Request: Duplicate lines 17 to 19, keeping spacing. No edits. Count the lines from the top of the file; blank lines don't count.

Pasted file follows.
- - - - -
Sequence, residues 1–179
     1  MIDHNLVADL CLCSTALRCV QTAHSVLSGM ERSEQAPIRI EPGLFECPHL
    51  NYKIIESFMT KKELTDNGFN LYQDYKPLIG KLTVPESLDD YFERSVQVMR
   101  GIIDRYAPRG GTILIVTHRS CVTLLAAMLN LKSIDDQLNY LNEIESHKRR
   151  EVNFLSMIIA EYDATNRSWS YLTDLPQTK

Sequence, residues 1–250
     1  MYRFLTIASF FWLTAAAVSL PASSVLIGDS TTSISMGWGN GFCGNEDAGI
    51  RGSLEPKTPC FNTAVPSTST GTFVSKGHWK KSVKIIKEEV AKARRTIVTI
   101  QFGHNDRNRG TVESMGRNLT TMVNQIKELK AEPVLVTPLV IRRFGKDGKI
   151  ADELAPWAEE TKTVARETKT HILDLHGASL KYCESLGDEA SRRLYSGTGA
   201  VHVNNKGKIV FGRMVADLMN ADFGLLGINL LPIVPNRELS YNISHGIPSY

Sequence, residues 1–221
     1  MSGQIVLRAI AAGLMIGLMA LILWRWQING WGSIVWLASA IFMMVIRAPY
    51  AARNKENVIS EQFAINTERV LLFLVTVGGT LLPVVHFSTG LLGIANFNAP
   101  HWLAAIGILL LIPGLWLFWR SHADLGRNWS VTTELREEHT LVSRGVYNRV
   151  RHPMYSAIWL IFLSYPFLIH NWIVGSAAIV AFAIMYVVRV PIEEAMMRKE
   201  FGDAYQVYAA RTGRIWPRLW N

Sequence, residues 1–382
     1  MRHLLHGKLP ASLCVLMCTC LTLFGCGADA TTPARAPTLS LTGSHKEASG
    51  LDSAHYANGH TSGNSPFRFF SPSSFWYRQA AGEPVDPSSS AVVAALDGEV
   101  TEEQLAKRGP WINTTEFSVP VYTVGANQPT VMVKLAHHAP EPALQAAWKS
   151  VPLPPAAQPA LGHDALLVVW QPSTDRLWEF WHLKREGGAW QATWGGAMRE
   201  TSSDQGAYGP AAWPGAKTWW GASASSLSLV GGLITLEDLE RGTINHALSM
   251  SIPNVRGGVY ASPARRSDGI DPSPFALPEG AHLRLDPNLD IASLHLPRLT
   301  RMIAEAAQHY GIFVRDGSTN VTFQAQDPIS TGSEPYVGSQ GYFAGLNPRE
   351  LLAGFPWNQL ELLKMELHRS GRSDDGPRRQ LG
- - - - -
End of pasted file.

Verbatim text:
   201  FGDAYQVYAA RTGRIWPRLW N

Sequence, residues 1–382
     1  MRHLLHGKLP ASLCVLMCTC LTLFGCGADA TTPARAPTLS LTGSHKEASG